An extended fugue state ramble about the shape of comics and, God, I don't know, a dozen other things.
October 11, 2011 3:42 PM   Subscribe

Why people like digital comics: you can charge for them, and they look pretty on an iPad. Why people like webcomics: they're free. - Warren Ellis looks at The Broadcast Of Comics.
posted by Artw (14 comments total) 11 users marked this as a favorite
Rest of the essay aside, it is great to see somebody giving American Flagg! the props it so desperately deserves.
posted by Shepherd at 3:46 PM on October 11, 2011 [3 favorites]


(I loved American Flagg; I just reread the first year's worth, and it remains surprisingly fresh.)
posted by chavenet at 3:58 PM on October 11, 2011 [1 favorite]

I'm glad that Artw is back posting cool links.
posted by Elmore at 4:00 PM on October 11, 2011 [8 favorites]

Being a comics geek and a web geek, it's almost a little embarrassing to me that I don't follow any webcomics. Too much bother to keep up; too slow to read in one sitting; too annoying to spend years waiting for a story that may or may not ever finish. (Yeah, I know about RSS feeds and dailystrips and whatnot; I've just never overcome the inertia to set them up.) Being an anti-DRM zealot, I'm not going to touch Comixology or any of their competitors.

So I'm waiting for 1) the trade, 2) anyone who wants to put a comic in a DRM-free epub sized to look OK on a 6" e-reader.
posted by Zed at 4:20 PM on October 11, 2011

John Allison of the fantastic Scary Go Round and Bad Machinery talks print vs. ebooks.
posted by infinitewindow at 4:26 PM on October 11, 2011

That's pretty cool he used Cerebus as an example....considering I'm in the middle of scanning in all 6,000 pages for Sim right now! The first volume and High Society are done, I'm about halfway through Church and State as we speak. Back to work...
posted by antihostile at 5:51 PM on October 11, 2011 [5 favorites]

Are there any recommendation engines for webcomics? I prefer intellectually and/or darkly humorous comics, but usually loose interest in epic stories, although I finished Freakangles.

I suppose my favorites are/were,,,,,,,,,,, and
posted by jeffburdges at 6:16 PM on October 11, 2011

And I’m telling you now, if you’ve never read AMERICAN FLAGG!, and you’re interested in comics and science fiction, then you need to sort that shit out, because this is the great lost commercial graphic novel of the 80s, and it should be racked with WATCHMEN and DARK KNIGHT RETURNS everywhere.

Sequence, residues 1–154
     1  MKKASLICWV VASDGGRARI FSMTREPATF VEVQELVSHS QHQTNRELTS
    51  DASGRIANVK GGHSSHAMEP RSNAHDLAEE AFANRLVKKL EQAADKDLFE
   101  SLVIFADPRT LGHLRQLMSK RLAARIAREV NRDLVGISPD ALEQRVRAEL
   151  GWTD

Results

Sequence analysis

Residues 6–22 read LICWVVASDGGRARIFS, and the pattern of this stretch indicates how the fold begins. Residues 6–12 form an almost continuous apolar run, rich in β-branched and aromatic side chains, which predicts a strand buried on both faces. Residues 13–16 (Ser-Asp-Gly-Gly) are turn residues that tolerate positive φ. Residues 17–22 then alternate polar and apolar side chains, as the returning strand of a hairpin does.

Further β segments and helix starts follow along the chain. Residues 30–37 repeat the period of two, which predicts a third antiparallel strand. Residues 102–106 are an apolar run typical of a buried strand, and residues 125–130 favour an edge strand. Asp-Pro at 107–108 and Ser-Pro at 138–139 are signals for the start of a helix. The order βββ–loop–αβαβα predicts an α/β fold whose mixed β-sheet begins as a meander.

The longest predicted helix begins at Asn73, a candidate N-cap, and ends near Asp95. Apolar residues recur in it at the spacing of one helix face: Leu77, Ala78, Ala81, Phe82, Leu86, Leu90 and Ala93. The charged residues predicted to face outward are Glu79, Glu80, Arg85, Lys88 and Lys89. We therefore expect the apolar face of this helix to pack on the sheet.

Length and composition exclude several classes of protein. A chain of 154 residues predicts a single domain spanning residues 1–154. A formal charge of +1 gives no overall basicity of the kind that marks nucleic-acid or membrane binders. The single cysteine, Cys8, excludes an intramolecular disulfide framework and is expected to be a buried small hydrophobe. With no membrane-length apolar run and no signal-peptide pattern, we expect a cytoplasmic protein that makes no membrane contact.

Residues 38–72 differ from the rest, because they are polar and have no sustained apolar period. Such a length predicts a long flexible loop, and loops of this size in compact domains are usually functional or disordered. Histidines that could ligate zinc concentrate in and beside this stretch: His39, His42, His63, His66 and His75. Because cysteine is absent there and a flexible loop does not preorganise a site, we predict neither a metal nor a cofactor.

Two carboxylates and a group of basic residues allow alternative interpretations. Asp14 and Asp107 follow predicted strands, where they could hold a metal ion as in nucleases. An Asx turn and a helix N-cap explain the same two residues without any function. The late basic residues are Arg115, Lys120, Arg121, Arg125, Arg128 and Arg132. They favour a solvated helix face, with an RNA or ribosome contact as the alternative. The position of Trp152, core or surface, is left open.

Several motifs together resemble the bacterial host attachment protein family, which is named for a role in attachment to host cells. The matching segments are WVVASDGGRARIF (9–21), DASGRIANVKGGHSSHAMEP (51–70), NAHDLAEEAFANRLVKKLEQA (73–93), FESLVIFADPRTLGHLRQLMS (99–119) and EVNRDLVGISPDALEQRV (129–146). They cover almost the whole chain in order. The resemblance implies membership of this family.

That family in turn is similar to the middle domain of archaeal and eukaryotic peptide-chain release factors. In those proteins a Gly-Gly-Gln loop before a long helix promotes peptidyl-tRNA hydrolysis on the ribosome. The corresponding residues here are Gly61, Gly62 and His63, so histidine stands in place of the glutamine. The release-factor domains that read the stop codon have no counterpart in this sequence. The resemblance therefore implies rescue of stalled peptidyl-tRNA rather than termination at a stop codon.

Fucking A.
posted by Scoo at 6:32 PM on October 11, 2011

antihostile - interesting! Do you know what Sim wants to ultimately do with the digitized version?

Can you provide us any detail on what you're using as a source, and what digitizer you're using? Any post-digitizing processing?
posted by porpoise at 6:46 PM on October 11, 2011

OT: My staff at the comic shop relentlessly picks on me about my love for AMERICAN FLAGG and Howard Chaykin's art, but I just throw my head back and laugh, and figure they will eventually get it... or not, who cares? FLAGG was/is awesome in the real sense of the word, and quite groundbreaking in it's effervescent style. Comic books rule.
posted by Ron Thanagar at 8:58 PM on October 11, 2011

This article will be great for me when I crack Reinventing Comics. Thanks!
posted by Ambrosia Voyeur at 10:51 PM on October 11, 2011

Without Howard Chaykin's American Flagg, there would be no Watchmen or Dark Knight Returns. We could really do with a nice retrospective post on Chaykin. Time to start checking out what's out there on the web, see if I can't work something up.
posted by KingEdRa at 12:35 AM on October 12, 2011

I just wish more webcomics understood pacing. I find a webcomic I like read the backlog and wow, this is great! but then 3 month's later I realize that oh my god this makes newspaper serials look action packed. Oh and you all convinced me to take American Flagg off my I should read this list and buy damn copy already.
posted by aspo at 1:01 PM on October 12, 2011

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